War of the Rebellion: Serial 108 Page 0259 Chapter LXIII. CORRESPONDENCE, ETC.-CONFEDERATE.

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You will please inform Dr. William S. Morris, president of the Southern Telegraph Company, at Richmond, of the existence of this telegraph wire and materials at Winchester, so that it may be made available for the construction of military telegraphs in different part sof the country as required. The commandant of the military forces at Winchester is fully authorized to furnish all requisite military protection to your agent in the prosecution of his work, as he may deem most expedient.

Respectfully,

L. P. WALKER,

Secretary of War.

[5.]

WAR DEPARTMENT, C. S. A.,

Richmond, August 29, 1861.

His Excellency Governor F. W. PICKENS,

Columbia, S. C.:

SIR: Your Excellency's letter of August 24, announcing the readiness and desire of the First Regiment South Carolina Rifles to come to Virginia, is just received. The Department is happy to receive your praise of the material and condition of this regiment, and requestes you, as proposed, to order it to proceed at once to Richmond and report for duty.

Very respectfully,

L. P. WALKER,

Secretary of War.

[5.]

RICHMOND, August 30, 1861.

Governor Henry T. CLARK,

Raleigh, N. C.:

The President desires to know how soon you will have the regiments already offered by you organized and prepared to move to the coast of North Carolina.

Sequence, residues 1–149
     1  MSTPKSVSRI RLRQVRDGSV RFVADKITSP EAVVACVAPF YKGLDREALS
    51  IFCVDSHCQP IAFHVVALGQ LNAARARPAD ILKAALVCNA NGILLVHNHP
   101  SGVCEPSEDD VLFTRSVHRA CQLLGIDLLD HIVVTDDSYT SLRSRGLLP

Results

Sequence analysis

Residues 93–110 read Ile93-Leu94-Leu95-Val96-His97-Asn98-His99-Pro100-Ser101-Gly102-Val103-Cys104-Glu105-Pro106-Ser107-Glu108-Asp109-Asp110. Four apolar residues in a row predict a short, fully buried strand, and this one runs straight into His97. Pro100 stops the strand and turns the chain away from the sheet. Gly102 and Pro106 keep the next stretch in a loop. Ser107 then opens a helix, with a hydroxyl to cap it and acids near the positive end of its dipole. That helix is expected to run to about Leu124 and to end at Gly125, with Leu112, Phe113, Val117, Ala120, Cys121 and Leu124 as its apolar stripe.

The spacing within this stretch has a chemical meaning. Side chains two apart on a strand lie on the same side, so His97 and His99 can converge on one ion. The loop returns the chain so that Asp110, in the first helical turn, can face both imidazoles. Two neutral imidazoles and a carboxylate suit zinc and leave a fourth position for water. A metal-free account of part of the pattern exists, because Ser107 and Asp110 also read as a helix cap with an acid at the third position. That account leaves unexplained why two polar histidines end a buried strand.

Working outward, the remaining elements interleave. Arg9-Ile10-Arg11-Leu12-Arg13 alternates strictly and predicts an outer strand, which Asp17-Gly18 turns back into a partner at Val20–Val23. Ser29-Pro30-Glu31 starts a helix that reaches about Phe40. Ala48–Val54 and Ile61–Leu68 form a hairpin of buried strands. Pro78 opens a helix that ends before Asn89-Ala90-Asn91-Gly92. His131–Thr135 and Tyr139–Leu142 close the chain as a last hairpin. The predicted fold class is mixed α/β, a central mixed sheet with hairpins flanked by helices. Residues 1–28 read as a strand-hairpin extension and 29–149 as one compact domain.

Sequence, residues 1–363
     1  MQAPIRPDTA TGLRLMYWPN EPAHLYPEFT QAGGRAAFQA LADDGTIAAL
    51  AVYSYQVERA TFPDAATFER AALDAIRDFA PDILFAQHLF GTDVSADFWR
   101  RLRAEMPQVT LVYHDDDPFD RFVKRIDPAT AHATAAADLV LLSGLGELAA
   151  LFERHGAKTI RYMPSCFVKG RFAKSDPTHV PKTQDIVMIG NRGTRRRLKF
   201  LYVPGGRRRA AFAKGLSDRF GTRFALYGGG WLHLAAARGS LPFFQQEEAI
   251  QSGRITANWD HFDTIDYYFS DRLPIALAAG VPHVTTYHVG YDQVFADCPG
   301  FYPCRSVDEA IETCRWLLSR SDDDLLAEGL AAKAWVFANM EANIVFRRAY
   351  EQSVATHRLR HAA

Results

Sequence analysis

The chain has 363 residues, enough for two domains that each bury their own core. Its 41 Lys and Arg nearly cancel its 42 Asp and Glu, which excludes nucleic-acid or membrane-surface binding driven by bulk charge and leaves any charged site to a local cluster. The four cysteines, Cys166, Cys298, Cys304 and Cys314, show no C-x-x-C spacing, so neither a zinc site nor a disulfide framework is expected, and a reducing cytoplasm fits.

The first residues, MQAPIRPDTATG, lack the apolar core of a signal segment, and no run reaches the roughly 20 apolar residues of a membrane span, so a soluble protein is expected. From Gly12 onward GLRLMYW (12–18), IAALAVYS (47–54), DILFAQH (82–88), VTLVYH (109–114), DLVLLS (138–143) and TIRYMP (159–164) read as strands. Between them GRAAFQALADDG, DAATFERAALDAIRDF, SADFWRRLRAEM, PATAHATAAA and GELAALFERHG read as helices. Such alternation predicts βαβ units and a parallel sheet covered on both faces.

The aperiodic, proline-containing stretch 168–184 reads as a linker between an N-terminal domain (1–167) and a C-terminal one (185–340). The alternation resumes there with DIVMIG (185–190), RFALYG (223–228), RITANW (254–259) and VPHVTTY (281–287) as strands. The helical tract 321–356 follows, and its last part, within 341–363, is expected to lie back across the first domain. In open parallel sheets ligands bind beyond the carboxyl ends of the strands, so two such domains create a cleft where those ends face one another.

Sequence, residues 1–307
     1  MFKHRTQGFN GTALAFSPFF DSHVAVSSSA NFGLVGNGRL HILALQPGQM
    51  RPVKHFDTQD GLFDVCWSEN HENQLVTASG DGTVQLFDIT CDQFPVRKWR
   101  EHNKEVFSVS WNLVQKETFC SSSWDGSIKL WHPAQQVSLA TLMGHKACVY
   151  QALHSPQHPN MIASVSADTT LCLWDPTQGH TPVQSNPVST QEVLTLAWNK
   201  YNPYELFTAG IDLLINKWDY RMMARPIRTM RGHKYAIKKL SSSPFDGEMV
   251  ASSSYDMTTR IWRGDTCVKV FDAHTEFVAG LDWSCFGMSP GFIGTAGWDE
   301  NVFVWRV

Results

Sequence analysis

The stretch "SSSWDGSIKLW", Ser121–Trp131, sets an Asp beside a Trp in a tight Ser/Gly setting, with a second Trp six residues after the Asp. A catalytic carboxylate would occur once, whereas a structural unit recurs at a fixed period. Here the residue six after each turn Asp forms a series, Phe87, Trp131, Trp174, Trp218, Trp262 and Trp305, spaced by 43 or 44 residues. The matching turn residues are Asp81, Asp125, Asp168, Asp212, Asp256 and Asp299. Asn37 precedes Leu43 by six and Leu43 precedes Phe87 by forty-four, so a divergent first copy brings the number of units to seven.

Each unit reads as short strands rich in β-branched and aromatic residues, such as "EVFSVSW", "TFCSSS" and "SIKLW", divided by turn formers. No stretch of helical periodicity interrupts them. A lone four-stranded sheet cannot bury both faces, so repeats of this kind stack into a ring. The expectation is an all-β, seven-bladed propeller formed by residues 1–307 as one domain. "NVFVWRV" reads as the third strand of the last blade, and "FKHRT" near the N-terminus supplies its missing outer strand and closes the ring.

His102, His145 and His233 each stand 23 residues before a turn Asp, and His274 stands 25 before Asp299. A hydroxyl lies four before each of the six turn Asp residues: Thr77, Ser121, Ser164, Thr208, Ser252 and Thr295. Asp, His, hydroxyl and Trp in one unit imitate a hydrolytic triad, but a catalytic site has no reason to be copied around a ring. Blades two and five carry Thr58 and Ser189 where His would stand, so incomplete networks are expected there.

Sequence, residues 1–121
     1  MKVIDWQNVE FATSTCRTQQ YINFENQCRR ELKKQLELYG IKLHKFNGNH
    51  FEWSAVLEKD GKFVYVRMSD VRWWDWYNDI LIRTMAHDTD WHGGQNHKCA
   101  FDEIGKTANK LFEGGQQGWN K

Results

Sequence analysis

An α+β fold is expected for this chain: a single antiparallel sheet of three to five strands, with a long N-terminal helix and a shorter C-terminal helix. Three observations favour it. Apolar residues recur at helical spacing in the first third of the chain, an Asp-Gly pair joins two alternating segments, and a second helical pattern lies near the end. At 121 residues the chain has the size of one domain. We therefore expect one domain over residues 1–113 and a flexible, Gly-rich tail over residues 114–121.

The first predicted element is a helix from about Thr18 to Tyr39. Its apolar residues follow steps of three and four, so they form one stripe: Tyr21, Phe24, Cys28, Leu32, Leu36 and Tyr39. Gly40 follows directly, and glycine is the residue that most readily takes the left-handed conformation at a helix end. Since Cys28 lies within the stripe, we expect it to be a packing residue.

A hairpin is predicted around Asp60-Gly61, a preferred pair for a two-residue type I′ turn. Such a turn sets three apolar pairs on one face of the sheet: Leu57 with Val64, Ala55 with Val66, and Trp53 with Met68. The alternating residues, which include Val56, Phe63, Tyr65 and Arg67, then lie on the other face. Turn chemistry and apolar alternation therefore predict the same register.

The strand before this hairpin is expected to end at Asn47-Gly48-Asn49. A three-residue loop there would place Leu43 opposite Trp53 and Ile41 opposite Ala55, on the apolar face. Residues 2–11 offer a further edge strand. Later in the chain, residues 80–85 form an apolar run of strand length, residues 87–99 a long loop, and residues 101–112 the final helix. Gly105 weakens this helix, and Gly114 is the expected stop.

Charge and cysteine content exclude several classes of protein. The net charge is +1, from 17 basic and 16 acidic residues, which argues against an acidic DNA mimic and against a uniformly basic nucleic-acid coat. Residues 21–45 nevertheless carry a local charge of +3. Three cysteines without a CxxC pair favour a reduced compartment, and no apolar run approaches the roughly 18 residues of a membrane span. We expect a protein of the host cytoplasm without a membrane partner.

S. COOPER,

Adjutant and Inspector General.

[4.]

PETERSUBRG, VA., August 30, 1861.

Commander-in-Chief JEFFERSON DAVIS,

President of the Confederate States of America:

PRESIDENT: Whether you will read or not, I will write to you. I wish to write in behalf of ameritorious citizen, who I know by four months' constant intercourse with him has been shamefully misrepresented. I have now no other interest in him than such as my love of country inspires. The immediate cause of my writing is the rpeort, probably ture, which I have seenthis mornign, that the battery lately erected at Hatteras Inlet, on the North Carolina coast, has been stormed and taken by the enemy. If the report is not true, I do not doubt in the least that it will be taken before long unless an adequate force of men is soon stationed there. Between the 25th of May, 1861, and the 8th of June, General Grayson, who on the first-named day was commissioned a brigadier-general by the Governor and military board of North Carolina, made under their direction a tour of inspection of the